The game generally tries to find a multiplayer game that has a low latency. This differs from a game that is geographically close to you, but they are generally similar enough that you can assume they are the same.
Think of it this way - say there's a town North of where you live, and a town West of where you live that is twice as far away. Which one can you get to faster in your car? You'd probably assume the one to the North. However, if the roads going North all have low speed limits, and the roads going West are superhighways with no traffic, you'd actually probably make it to the town to your West faster than the one to your North.
The internet is similar - vast data pipelines interconnect regions, just like the roads do. The game is trying to figure out which game is the fastest round trip to you, not the geographically closest. However, you're much more likely to find something closer to you than something very far away.
The less people who are playing in your region, the harder this is, so at times when less people are playing (ie, if you were playing the original CoD now, which has very few players compared to MW3) the game must search harder and potentially travel further in order to find a suitable game.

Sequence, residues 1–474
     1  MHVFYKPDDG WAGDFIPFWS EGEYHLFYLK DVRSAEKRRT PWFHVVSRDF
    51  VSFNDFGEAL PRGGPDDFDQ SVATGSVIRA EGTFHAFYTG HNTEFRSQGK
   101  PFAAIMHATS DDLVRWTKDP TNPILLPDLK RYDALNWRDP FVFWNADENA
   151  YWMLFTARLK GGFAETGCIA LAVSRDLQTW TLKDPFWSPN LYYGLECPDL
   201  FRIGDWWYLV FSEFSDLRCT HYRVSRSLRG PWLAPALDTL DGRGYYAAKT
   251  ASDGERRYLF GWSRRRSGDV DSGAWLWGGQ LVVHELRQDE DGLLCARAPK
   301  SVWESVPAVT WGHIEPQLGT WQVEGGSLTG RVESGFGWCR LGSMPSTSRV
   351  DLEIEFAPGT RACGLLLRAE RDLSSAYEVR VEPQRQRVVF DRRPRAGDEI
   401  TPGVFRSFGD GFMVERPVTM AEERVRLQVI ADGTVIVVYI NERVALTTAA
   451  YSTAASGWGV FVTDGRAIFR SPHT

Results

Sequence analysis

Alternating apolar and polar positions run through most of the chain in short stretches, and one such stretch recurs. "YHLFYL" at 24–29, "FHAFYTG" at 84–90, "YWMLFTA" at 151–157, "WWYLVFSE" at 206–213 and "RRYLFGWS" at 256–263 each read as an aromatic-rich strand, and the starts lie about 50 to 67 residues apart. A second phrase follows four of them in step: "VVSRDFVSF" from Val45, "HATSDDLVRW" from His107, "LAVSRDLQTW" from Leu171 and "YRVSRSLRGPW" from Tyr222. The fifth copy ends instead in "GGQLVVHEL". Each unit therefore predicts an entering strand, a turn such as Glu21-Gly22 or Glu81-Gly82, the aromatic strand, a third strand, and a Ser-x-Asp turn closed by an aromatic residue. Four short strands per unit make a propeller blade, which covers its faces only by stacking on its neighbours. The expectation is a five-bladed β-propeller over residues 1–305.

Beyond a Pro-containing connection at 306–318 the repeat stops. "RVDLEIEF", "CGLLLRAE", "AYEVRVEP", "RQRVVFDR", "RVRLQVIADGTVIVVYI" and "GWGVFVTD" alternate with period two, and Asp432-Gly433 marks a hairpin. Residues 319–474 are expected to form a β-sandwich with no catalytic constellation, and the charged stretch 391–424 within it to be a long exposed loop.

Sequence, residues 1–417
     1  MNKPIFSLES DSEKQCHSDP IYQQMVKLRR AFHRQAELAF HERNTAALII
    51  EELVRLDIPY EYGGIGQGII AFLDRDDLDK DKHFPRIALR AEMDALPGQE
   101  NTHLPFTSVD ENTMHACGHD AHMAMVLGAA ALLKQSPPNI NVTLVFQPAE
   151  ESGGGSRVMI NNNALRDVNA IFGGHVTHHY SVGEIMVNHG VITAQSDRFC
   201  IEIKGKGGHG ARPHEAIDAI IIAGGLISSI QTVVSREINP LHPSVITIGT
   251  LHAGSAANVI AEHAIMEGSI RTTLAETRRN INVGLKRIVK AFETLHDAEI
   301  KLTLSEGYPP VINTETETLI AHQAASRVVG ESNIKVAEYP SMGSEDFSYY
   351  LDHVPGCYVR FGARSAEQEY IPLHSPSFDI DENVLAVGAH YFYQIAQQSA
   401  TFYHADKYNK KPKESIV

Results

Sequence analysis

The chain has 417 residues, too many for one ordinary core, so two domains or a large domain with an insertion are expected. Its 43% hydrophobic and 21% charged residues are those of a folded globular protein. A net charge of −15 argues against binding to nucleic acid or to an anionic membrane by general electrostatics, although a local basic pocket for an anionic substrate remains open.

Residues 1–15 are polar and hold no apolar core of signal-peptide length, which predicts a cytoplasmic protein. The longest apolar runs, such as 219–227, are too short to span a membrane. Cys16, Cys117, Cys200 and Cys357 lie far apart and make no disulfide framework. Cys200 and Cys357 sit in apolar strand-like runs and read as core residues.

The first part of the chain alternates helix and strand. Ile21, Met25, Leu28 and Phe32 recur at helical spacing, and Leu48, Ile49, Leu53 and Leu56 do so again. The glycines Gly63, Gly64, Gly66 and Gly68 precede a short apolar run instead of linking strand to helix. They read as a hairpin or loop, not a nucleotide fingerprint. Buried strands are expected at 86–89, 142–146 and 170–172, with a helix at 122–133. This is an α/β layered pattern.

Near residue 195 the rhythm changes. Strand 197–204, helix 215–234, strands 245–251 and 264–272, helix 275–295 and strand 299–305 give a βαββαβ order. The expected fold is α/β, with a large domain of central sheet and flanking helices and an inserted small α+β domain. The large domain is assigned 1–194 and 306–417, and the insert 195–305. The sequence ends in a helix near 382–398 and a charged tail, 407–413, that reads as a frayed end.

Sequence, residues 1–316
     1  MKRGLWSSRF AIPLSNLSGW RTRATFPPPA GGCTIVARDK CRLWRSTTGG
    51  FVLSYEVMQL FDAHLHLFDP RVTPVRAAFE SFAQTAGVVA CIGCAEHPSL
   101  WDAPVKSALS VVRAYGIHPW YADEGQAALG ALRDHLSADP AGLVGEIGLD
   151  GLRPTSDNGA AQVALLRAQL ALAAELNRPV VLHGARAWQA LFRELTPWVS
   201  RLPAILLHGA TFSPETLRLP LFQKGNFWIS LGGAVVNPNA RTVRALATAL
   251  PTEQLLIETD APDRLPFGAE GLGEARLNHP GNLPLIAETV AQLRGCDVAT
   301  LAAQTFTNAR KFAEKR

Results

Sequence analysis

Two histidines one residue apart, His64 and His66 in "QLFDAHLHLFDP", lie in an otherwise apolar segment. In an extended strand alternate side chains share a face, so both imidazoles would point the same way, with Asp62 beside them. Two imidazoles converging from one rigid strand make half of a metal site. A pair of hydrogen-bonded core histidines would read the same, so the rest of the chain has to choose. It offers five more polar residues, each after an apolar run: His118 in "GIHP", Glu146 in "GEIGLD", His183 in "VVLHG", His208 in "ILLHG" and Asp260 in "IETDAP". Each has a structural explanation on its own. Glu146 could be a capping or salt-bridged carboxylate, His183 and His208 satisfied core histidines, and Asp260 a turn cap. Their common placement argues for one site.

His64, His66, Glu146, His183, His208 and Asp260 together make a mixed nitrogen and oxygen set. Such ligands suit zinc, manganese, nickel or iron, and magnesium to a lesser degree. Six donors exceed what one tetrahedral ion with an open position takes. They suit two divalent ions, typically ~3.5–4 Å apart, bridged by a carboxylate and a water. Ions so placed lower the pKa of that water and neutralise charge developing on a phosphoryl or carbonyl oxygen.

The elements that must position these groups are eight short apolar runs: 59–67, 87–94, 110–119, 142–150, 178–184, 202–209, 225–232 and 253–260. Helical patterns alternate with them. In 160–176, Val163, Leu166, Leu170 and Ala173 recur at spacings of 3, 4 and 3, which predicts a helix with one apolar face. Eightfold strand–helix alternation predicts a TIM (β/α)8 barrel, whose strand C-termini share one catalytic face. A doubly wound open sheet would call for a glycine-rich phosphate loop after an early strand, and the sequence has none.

CoD on consoles is played 'peer-to-peer' which means that there are no dedicated, central servers to play on. This also means that if there's no suitable game, you might end up in a lobby by yourself - this means the game created a new match in your area, and is waiting for other people to find it. In PC gaming, (and some console games) there's generally a list of dedicated servers you choose from when you start the game. If the server nearest you is full, tough luck, you'll have to find one further away.
Hope that explains the subtle differences :)